Search KC History Guy--Darrell L James

Blog Archive

Sunday, May 31, 2009

Electric Park

Electric Park was an amusement park, operating from about 1907 to 1925, located at 47th and The Paseo. It is important to remember that this was the south end of town in those days.
Its main entry was across from where Newcomer's Funeral home is today.

It had actually begun earlier, in the East Bottoms, down the slope from the Cliff Drive, as the brainchild of Michael Heim, owner of Heim Brewery, but was moved and greatly expanded in 1907. 53,000 people attended the grand re-opening.

It was the era of Prohibition, so when the new park applied for a liquor license, the liquor board tried to stifle the sale of alcohol by invoking the provision that no more licenses would be issued until the city reached a population of 400,000. The oddity of a lack of beer at a brewery-sponsored park didn't seem to keep the crowds away. Later the new location was able to sell beer.

It was a popular attraction by day, no doubt, but the newness of electric illumination made it a must-see nighttime destination.

Its features included a lagoon, called Mirror Lake, as shown on this map, and lavish landscaping, as well as rides and attractions.

Some of these images are from, a website specializing in vintage postcards for sale. Please check it out, but be warned: It is addictive. One is from the KC Public Library, and one is from the Gary Looker collection. Look for a structure, in the lagoon picture, which is multi-sided and drum-shaped. Note how it is perched for good visibility from both land and water. It is a fountain, yes, but so much more.

According to the book Fountains of Kansas City, A History and Love Affair, by Sherry Piland and Ellen J. Uguccione, (Lowell Press) "A stunning attraction at both Electric Park locations, and the subject of numerous reminiscent accounts, was the Electric Park Fountain."

"Valued at $75,000.00 in the 1920's, the fountain was said to be one of only three Dunlap Illuminated Fountains in existance." "It was reportedly purchased in Europe by Michael Heim, and its display was thought to have been inspired by a similar tableau which had first been presented in Paris." (Enlarge pic to see that this is a real person.)

In the interest of space, I shall summarize: It was a 12- or 16-sided polygonal drum, (some pics show fewer sides than others--probably reflective of changes between first and second park locations) equipped with a manually operated lift. While jets of water went skyward, up would come a beautiful woman, in lavish costume! Raise your hands if you've seen anything like this, lately.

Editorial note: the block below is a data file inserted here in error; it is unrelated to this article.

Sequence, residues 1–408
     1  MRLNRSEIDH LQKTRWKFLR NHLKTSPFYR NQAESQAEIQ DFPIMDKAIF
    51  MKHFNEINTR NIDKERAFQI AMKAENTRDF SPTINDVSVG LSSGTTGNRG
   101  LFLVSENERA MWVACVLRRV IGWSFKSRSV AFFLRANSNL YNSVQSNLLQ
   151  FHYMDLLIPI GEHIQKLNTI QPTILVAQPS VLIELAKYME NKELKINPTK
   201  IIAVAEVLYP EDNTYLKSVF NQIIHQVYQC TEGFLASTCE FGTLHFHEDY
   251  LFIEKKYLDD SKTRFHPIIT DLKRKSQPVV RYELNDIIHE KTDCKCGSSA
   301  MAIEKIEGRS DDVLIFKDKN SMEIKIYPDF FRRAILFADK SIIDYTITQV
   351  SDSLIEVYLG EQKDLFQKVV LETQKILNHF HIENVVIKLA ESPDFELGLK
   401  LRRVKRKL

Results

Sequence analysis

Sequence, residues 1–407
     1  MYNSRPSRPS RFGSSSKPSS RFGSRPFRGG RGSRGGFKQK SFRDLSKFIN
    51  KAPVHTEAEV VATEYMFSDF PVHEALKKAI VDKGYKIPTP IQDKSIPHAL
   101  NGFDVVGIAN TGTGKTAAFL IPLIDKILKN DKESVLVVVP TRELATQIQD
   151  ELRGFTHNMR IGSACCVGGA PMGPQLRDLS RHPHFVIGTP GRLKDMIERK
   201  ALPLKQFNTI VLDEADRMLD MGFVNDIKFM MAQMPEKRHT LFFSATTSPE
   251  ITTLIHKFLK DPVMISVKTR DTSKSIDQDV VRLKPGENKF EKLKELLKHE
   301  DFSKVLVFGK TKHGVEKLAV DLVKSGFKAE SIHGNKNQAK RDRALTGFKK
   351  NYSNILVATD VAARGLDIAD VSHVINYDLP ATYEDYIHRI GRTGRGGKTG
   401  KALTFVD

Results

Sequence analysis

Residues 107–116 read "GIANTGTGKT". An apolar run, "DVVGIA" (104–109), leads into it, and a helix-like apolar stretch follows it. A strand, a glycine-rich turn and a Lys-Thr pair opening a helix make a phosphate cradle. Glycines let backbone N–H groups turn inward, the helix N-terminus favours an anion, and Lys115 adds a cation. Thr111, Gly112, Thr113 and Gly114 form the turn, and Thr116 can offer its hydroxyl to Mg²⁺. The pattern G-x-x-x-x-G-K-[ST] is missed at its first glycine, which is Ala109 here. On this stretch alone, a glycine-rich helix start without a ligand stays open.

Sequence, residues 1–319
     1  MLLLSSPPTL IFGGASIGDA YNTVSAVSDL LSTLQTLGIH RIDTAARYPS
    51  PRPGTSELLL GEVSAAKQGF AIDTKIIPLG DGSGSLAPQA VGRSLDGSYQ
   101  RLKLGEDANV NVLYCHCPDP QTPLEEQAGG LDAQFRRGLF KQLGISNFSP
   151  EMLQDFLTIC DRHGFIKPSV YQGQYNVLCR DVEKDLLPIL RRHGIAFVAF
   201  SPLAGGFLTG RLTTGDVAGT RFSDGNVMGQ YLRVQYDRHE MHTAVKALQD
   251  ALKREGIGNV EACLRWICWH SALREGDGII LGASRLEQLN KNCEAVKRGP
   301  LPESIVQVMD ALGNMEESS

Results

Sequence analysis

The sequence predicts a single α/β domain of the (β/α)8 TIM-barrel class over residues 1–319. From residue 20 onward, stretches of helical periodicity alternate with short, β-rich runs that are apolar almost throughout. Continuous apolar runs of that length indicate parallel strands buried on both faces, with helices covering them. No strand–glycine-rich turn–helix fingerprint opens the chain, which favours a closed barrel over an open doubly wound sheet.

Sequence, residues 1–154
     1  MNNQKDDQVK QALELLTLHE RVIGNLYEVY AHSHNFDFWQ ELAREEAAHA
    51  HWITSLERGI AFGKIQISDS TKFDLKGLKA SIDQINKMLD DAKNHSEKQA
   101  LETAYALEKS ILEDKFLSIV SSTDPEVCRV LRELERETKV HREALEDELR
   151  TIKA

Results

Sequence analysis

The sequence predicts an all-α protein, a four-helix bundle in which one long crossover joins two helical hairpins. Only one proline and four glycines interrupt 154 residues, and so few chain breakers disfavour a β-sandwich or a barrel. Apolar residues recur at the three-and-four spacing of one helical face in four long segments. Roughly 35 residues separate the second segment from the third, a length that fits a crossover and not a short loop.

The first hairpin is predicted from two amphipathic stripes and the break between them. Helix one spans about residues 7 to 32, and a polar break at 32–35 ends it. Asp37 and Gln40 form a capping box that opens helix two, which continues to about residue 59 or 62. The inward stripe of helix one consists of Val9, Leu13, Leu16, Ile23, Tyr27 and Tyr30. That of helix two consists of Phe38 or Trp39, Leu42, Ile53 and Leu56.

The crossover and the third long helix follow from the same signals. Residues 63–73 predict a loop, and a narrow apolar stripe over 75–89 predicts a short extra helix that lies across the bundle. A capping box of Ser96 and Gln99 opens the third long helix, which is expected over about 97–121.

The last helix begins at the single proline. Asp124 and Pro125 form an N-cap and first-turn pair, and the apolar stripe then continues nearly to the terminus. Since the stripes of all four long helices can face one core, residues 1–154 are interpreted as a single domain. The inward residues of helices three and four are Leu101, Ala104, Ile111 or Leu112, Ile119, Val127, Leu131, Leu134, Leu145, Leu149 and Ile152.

She would stand, still as marble, depicting some Biblical or historical event, while a narrator described it. The book goes on to describe a Mrs. Pearl Goelz, who was one of the performers. In a 1969 newspaper story, said she had been chosen, nine years running, as Queen Electra in the park's Mardi Gras bash. This entitled her to lead a parade and to flip the switch, bringing to life the many thousands of lights.

Now, Mrs. Goelz had also worked as a telephone operator and as a stenographer for a real estate office, in part of the nine years she did the performances.

Mrs. Goelz would appear nightly in the "Fountain Pictures" performance, earning $25 for each evening's fifteen-minute, nine-scene performance. Pretty good money for an entire day's work, in those years, and she made it in far less. In fairness, I don't know how early she had to show up, nor how late she was there after her fifteen minutes of performing.

Her husband would drop her off and pick her up. When he went away to war, her dad took her. (What, did she not drive? Perhaps few women drove in those days. What a glorious time it must have been. Kidding! I'm kidding.) Anyway, she and three other performers were assisted by a wardrobe mistress, below, to speed the changing process. They also used props and small furniture.

"The crowd was held spellbound, by the beauty of the girls, enhanced by the colorful moving lights." This, friends, is what has been missing from my Friday night entertainment pursuits.

In 1925, a fire damaged the fountain and it was never replaced, going down in history as a unique entertainment, mixing fountains, lights, and live performance. After all, automobiles and motion pictures now beckoned for entertainment dollars.
An uncomfortable discovery in my research was "Lincoln Electric Park," built because black Kansas Citians were denied access to the original Electric Park. I will research this further, and give that park its own post, if enough information is found.

Here is a link to a synopsis on the KC Public Library site, and the 1969 Kasas City Star story. is a wonderful site. is a postcard sales site.

1 comment:

Anonymous said...

Loved your article especially about the fountain. Pearl goelz was my great aunt..sister in law to my grandfather married to his brother Henry...the family immigrated to the U.S. from Germany and settled in Kansas city mo. I always wanted to see what pearl looked like coming up out of that fountain. Thankyou so very much!!!!!